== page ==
The Greek Ministry of Agriculture has also received several requests from Greek farmers’ syndicates over the past few years asking for assistance in exploring opportunities for buying farmland in Romania for producing corn and sunflowers as well as animal products such as pork. Romania has potential, so far unrealized, for becoming a major agricultural exporting state in Europe, and in addition has the capacity for considerable exports to the CIS countries; these number more than 280 million consumers.

Another interesting trend is the increase – by as much as 30 percent – in Greek university students pursuing their studies in Romania, in either public universities or private Anglophone colleges. Greeks traditionally tend to study abroad and the economic crisis has influenced them to choose Romania, due to the lower cost of living there than in the rest of the EU, as well as its proximity to Greece. This also helps increase the interpersonal connections between the two countries due to mutual immigration. Most recently, Greek academics, mostly educated in the sciences, have taken jobs in Romania and teach at the local tertiary level.

Lastly, tourism is expanding, with a steady increase of Romanians coming to Greece each year. The Greek National Tourism Authority estimates that since 2005 the country has become among the top five destinations for Romanian holiday-makers, with some 500,000 visitors so far in 2012.

Roxana Birau, a Romanian who works with the local office of the National Organization of Tourism in Greece, has noted that “an Englishman spends five to 10 euros a day, while a Romanian disperses between 80 and 100 euros [above and beyond] the pre-paid holiday package.” It is of interest to note that in general Balkan and Russian tourists are traditionally bigger spenders on their vacations than are the more affluent Northern European ones, following a similar consumer behavior of that of American and Canadian tourists.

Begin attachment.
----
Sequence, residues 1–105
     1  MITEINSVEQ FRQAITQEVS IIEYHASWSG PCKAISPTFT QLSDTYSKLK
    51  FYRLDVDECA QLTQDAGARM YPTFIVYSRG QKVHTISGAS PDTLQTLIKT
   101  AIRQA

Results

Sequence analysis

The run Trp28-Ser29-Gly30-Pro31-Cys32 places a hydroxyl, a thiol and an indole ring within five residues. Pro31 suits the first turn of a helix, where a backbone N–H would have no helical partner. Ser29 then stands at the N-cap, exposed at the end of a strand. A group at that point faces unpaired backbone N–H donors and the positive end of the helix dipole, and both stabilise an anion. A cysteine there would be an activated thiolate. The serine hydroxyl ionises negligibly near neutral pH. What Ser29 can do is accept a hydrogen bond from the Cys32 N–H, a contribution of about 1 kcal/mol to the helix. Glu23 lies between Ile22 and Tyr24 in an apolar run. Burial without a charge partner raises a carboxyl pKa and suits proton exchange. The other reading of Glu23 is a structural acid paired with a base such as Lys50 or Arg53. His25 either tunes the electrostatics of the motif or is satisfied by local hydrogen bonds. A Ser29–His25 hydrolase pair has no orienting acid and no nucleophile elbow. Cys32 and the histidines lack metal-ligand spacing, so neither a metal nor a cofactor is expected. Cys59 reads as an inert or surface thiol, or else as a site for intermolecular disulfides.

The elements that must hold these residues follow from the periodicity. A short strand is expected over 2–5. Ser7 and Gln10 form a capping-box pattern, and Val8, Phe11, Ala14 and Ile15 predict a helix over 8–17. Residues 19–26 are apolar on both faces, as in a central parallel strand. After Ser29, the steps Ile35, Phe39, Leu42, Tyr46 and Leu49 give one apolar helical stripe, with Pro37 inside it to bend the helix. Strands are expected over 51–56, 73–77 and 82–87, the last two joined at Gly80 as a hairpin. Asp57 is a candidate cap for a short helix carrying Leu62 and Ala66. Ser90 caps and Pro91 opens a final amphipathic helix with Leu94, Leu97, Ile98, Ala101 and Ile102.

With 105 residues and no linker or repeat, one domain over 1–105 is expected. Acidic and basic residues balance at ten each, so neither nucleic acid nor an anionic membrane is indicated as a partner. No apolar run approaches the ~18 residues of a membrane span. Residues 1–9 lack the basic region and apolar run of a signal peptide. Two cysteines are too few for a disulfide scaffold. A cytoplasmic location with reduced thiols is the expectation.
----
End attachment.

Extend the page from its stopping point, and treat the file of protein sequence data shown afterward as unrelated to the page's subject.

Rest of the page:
The number of Romanian citizens living as immigrants in Greece is estimated at 30,000 people, although according to the estimates of the Romanian Embassy in Athens, there has been a 25 percent drop since 2010 and an additional decline is expected if the crisis continues for long, as is expected. During the boom years of the early 2,000’s more than 70,000 Romanians worked in Greece.

On the other hand, according to the General Secretariat for Greeks Abroad (a subdivision of the Greek Ministry of Foreign Affairs) the Greek community in Romania numbers 14,000, divided amongst Greeks descending from communities of the Byzantine and Ottoman Empires era, and 1940’s political refugees which account for 70 percent. The rest are composed of new immigrants who came over the past 15 years, either working in Greek companies in Romania or marrying citizens of the country.

The latter group is estimated to increase due to the worsening economic situation in Greece. Although numbers are not exact, it is estimated that 800 Greeks settled over the past two years, with the trend expected to accelerate in the near future.